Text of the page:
US President Donald Trump has launched a stinging attack on Republican mega-donors Charles and David Koch, labelling them a “total joke”.
His tweets come after a spokesman for the brothers’ network accused the White House of stoking divisiveness.
Mr Trump said on Tuesday he has “beaten them [the Kochs] at every turn”.
On Monday, the Koch network caused a stir by refusing to back a Republican candidate in North Dakota, which voted overwhelmingly for Mr Trump.
Americans For Prosperity, the political and policy arm of the Koch network, declined to support congressman Kevin Cramer’s bid to unseat politically vulnerable Democratic Senator Heidi Heitkamp.
The organisation cited Mr Cramer’s support for a mammoth congressional spending bill this year and his failure to challenge White House policy on trade and global duties.
‘Blood and money’: The story of the Koch brothers
At a gathering of the Koch-backed Seminar Network over the weekend in Colorado Springs, its co-chairman Brian Hooks lamented the “tremendous lack of leadership” in Washington.
He said the “divisiveness of this White House is causing long-term damage”.
Charles Koch himself stopped short of blaming the president for the partisan rancour.
“We’ve had divisiveness long before Trump became president and we’ll have it long after he’s no longer president,” the billionaire industrialist told reporters. “I’m into hating the sin, not the sinner.”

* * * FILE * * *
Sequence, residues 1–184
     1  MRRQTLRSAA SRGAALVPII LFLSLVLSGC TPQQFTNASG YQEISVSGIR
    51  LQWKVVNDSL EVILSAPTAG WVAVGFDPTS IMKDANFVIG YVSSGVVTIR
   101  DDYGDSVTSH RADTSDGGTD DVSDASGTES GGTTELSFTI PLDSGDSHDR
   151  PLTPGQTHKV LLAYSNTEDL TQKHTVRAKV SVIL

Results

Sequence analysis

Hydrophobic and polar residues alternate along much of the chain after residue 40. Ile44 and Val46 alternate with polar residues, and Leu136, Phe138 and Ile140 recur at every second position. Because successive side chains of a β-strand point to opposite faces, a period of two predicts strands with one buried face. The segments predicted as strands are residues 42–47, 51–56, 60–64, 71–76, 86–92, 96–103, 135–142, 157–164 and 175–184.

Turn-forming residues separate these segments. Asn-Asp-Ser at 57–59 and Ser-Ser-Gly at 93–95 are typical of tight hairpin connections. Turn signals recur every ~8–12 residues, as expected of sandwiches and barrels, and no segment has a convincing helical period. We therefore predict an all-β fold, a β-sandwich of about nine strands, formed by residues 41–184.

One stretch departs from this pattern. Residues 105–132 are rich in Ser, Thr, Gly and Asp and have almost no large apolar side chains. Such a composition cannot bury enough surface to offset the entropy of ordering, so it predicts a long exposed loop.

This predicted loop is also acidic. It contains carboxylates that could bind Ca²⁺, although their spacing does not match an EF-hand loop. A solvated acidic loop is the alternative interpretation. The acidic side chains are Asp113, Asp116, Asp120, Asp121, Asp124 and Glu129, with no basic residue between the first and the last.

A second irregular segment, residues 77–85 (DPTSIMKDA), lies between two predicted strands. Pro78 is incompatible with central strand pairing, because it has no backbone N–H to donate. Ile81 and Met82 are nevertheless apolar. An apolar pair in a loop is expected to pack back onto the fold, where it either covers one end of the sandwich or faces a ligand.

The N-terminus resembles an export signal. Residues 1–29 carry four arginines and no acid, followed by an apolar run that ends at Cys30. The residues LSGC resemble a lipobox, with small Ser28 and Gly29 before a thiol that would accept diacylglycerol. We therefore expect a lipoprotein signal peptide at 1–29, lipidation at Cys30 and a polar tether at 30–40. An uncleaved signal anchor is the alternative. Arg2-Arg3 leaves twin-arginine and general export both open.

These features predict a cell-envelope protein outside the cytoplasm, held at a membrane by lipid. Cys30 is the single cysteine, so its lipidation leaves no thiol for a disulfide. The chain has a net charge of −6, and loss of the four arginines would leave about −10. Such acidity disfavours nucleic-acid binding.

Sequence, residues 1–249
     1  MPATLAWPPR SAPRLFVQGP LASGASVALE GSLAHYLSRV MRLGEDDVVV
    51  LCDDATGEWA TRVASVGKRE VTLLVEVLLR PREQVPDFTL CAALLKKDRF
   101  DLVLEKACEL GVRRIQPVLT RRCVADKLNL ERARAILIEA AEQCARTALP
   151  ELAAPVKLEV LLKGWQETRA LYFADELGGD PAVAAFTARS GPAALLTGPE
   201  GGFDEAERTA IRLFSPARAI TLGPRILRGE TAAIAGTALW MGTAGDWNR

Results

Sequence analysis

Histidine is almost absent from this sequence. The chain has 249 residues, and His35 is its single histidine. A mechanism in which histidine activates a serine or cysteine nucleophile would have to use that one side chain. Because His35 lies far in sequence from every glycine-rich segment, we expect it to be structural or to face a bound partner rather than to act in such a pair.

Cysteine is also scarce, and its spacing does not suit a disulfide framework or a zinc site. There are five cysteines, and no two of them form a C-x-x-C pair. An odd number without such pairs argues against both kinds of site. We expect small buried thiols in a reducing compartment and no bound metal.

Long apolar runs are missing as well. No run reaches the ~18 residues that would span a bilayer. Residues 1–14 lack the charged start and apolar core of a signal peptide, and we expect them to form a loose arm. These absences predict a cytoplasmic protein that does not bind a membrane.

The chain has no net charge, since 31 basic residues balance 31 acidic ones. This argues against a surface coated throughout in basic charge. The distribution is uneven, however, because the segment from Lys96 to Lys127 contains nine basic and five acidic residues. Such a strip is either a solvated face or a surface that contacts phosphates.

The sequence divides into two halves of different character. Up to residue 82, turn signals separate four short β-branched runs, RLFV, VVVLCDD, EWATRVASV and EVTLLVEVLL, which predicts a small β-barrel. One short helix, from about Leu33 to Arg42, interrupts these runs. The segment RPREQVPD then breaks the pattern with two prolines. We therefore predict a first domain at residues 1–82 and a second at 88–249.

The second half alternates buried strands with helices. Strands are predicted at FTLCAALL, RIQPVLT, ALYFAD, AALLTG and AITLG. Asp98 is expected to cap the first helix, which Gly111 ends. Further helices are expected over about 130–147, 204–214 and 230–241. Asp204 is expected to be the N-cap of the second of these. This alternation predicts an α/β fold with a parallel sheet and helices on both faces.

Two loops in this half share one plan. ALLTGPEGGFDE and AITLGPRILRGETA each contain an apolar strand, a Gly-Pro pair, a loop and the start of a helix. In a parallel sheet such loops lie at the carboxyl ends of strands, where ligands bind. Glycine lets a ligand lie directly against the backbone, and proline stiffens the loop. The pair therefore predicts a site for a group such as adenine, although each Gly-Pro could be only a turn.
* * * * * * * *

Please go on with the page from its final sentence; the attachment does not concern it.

Donors at the conference indicated they would spend as much as $400m (£304m) on the US mid-term elections this November.
Relations have been fraying between the Republican president and the Kochs recently. Last month they launched a multi-million dollar campaign against his trade tariffs.
Three political groups backed by the brothers said they would use advertising, lobbying and grassroots campaigns to push the benefits of free trade.
The Kochs refused to endorse Mr Trump’s presidential campaign in 2016, but after he won they found common ground, especially on tax cuts.
Who are the Koch brothers?
Their company, Koch Industries, is the second largest privately owned business in the US and has interests ranging from pipelines to paper towels.
According to Forbes Magazine, the men are worth about $60bn (£45bn) each, and are tied for eighth richest man in the US.
According to the Koch Industries website, they have more than 120,000 employees between all their businesses and subsidiaries.
They have previously put money into groups denying climate change and attacking unions and workers’ rights.
But they have also pushed for criminal justice reform and made large donations to the American Civil Liberties Union.
Last month, the company was told that David Koch, 78, was stepping down because of his deteriorating health.